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# Astronomy & Astrophysics manuscript no.

fubo August 4, 2011

c ESO 2011

**Spectroscopic monitoring of the Herbig Ae star HD 104237 ⋆
**

II. Non-radial pulsations, mode analysis and fundamental stellar parameters

A. Fumel1,2 and T. B¨ hm1,2 o

1 2

Universit´ de Toulouse; UPS-OMP; IRAP; Toulouse, France e e-mail: aurelie.fumel@ast.obs-mip.fr, boehm@obs-mip.fr CNRS; IRAP; 14, avenue Edouard Belin, F-31400 Toulouse, France

arXiv:1108.0857v1 [astro-ph.SR] 3 Aug 2011

**Received August 3rd , 2011; accepted XX, 2011
**

ABSTRACT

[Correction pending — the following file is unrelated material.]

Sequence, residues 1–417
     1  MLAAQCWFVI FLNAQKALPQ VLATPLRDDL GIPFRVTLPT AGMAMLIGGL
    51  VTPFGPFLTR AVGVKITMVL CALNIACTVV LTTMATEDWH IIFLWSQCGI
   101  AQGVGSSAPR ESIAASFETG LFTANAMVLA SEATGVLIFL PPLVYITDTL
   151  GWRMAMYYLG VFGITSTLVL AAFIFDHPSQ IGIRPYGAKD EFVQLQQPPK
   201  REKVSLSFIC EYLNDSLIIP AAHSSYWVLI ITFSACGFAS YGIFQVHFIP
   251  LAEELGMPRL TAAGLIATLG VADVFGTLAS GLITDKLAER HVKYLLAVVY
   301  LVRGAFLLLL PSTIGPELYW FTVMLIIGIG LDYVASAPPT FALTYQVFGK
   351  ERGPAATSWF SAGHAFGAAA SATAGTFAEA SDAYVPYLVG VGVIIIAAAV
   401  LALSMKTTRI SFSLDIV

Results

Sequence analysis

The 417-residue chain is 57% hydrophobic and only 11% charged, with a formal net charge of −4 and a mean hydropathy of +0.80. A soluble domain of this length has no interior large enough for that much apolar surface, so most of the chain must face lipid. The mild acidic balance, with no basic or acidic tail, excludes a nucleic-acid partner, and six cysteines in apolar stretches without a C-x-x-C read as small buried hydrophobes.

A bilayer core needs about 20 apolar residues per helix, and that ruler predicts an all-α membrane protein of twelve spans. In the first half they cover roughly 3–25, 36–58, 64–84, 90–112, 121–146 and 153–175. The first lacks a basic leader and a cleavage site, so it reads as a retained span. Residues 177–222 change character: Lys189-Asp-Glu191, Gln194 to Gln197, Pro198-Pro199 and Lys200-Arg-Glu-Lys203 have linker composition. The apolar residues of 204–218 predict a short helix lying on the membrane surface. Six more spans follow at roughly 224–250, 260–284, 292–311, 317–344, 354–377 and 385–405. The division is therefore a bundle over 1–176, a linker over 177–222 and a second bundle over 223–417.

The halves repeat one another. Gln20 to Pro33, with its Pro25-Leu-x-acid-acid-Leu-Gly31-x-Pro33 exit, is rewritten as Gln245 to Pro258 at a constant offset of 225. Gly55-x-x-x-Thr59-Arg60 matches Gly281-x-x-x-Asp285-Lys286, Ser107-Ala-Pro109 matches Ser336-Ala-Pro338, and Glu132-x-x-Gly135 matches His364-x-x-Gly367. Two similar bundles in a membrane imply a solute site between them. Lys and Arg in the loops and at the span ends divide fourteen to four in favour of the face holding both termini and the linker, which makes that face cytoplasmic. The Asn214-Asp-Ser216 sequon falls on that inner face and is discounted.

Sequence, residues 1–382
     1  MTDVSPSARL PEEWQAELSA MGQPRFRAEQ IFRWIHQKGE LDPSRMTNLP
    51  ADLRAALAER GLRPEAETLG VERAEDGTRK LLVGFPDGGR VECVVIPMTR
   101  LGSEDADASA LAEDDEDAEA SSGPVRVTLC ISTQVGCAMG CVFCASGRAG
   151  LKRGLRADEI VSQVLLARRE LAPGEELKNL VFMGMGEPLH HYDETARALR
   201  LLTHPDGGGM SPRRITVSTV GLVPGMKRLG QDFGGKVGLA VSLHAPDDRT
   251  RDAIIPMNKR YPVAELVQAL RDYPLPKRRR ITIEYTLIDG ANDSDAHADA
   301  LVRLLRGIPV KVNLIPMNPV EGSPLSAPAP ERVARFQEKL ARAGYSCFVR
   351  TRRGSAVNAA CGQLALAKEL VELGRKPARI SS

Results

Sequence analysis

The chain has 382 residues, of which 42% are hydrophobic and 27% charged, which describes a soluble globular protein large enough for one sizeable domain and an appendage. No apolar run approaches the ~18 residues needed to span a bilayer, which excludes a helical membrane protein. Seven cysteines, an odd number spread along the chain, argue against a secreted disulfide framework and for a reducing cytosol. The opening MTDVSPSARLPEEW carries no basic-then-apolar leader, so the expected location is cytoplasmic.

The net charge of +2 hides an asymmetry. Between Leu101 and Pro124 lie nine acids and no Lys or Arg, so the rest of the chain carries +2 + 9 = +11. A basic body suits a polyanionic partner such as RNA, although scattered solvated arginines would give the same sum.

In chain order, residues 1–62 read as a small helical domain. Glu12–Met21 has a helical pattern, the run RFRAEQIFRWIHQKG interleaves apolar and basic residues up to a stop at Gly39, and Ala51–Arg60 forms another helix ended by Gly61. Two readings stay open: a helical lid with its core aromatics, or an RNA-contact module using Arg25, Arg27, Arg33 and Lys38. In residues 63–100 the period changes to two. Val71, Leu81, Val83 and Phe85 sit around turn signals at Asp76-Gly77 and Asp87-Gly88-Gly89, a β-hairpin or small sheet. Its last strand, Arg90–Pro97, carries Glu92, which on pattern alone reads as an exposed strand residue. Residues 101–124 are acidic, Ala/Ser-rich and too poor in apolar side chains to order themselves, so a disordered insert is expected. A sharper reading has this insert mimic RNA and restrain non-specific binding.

Context. Herbig Ae/Be stars are intermediate-mass pre-main sequence (PMS) stars showing signs of intense activity and strong stellar winds, whose origin is not yet understood in the frame of current theoretical models of stellar evolution for young stars. The evolutionary tracks of the earlier Herbig Ae stars cross for a signiﬁcant fraction of their evolution towards the main sequence the theoretical PMS instability strip located roughly in the same area of the HR diagram as the δ Scuti variables. Many of these stars exhibit pulsations of δ Scuti type. Aims. We carry out a thorough analysis of the line proﬁle variations of the pulsating prototype Herbig Ae star HD 104237 based on high-resolution spectroscopical time-series, identiﬁy the dominant non-radial pulsation mode, and perform the most accurate determination of its fundamental parameters in preparation of an asteroseismic modeling. Methods. HD 104237 is a pulsating Herbig Ae star with eight detected frequencies based on the analysis of radial velocity variations. In this article, we reinvestigated an extensive high-resolution quasi-continuous spectroscopic data set in order to search for very faint indications of non-radial pulsations in the line proﬁle. To do this, we worked on dynamical spectra of equivalent photospheric (LSD) proﬁles of HD 104237. A 2D Fourier analysis (F2D) was performed of the entire proﬁle and enabled the identiﬁcation of the dominant non-radial pulsating mode. The temporal variation of the central depth of the line was studied with the time-series analysis tools Period04 and SigSpec. The development of a highly accurate continuum normalization method enabled us to determine reliably the equivalent width of chosen absorption lines and to perform a new determination of the fundamental stellar parameters. Results. Following the previous studies on this star, our analysis of the dynamical spectrum of recentered LSD proﬁles corresponding to the 22nd − 25th of April 1999 nights spectra has conﬁrmed the presence of multiple oscillation modes of low-degree ℓ in HD 104237 and led to the ﬁrst direct detection of a non-radial pulsation mode in this star: the dominant mode F1 was identiﬁed by the Fourier 2D method having a degree ℓ value comprised between 1 and 2, the symmetry of the pattern variation indicating an azimuthal order of ± 1. The detailed study of the fundamental stellar parameters has provided a T eﬀ , log g and iron abundance of 8550 ± 150 K, 3.9 ± 0.3 and −4.38 ± 0.19 (i.e. [Fe/H]= +0.16 ± 0.19 ), respectively.